So, in our first aim, where we're adapting the design of tubes at home to create Meds@home, we convened three groups of designers. So primary caregivers, which were parents of children with medical complexity, secondary caregivers, such as school nurses, home health nurses, and clinicianswho care for children with medical complexity.. So, we had nurses, complex care pediatrician, pediatric clinical pharmacists, and someone from a home health represented. And we brought them together for a series of co-design sessions so you can go to the next slide.
And here is just a kind of table schematic of the code design sessions that we did with these three different groups of stakeholders. And so we held four design sessions with the parents. And two design sessions each with the secondary caregivers and the clinicians, ending with an evaluation, individual evaluation with the family so that they had kind of the final input on the design. And we integrated the secondary caregivers and clinicians in between the code, in, between the co-design sessions of the parentsso that we could make sure we were getting different stakeholder design. But that the parents were kind of driving as the main users were driving the major design process. We used weekly meetings with our team to have consensus discussion and plan for the next session and work with our user experience designer and software developers so that we could make prototype changes in real time in the sessions integrate all the feedback or the all the designs that the co-designers created in session and have those ready for the next session. So it was a really a
creation and development happening iteratively and in real time. You can go to the next slide. In our sessions, what we focused on is aa five stage process that we use in our research for co-design where we start with identifying the problem, and we generate solutions, converge on those solutions, prototype, and evaluate. And so the three key challenges that our stakeholders and parents, secondary caregivers and clinicians identified were giving the right medications at the right time. Communicating about medications to the rest of the care network. All right, so when was the medication given? and parents often talked about this leading to double dosing and or missing a dose.And accommodating complex, medical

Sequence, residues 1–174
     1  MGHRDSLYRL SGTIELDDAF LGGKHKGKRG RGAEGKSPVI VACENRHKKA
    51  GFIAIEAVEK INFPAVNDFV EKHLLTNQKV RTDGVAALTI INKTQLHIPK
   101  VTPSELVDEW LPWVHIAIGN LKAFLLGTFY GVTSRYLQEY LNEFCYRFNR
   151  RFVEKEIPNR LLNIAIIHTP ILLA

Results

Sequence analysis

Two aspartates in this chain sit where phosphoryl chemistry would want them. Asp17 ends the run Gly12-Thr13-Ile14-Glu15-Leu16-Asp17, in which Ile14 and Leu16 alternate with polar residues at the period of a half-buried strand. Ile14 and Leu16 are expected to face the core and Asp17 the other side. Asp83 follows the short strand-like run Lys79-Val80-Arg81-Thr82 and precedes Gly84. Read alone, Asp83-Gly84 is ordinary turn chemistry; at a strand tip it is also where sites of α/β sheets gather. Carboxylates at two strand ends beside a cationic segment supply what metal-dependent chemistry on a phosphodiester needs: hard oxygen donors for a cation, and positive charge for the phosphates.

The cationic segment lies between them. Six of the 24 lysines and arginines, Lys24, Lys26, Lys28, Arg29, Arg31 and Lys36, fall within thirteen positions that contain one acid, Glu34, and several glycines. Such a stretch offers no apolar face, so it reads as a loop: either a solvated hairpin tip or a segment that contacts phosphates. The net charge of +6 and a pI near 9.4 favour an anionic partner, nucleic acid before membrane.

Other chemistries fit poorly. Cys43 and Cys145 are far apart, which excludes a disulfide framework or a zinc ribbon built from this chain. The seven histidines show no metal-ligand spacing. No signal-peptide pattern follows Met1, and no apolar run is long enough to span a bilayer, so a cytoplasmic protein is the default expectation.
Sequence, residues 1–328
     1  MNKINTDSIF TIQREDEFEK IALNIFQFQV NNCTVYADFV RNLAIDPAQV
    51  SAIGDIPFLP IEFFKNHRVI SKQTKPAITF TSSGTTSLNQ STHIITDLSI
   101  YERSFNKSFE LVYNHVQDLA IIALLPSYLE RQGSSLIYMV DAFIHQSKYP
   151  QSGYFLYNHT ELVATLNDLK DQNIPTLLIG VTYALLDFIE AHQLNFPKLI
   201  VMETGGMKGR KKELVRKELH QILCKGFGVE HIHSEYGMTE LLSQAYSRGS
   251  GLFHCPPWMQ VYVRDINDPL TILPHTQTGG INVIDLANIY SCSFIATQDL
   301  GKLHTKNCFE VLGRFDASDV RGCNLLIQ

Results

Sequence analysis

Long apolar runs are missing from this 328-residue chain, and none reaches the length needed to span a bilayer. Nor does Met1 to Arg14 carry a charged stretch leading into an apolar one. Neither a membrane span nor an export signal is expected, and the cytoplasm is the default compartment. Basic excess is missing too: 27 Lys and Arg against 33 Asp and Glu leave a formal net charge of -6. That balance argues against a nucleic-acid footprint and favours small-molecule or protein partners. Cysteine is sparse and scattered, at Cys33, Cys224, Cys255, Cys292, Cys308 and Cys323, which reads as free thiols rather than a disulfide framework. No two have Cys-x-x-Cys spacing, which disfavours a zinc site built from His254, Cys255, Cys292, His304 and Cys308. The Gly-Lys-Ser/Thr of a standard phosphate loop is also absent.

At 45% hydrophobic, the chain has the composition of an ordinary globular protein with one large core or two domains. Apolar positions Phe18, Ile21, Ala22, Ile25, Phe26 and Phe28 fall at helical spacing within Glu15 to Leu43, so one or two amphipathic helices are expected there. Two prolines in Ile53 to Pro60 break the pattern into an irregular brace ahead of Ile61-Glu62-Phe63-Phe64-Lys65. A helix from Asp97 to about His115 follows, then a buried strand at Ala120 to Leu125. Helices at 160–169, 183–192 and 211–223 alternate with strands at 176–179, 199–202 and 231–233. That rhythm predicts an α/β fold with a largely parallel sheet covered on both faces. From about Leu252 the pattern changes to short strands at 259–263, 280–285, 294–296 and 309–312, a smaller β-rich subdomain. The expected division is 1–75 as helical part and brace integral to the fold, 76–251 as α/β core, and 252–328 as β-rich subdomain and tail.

needs - so how to integrate all the other complex care needs, symptoms into medication management and the communication of that medication management to the rest of the care network. You can go to the next line. So what we did is we took those throughout those sessions. We took those initial challenges and the Cco-designers generated specific design requirements to address each of those challenges and converged upon and prototyped this design. So you can go aheadand play the video. This app is designed to help manage complicated care giving tasks and medications. The home screen shows important alerts, care routines for the day, and medication refill reminders. The basic functions can be found in the task menu at the top left of the screen.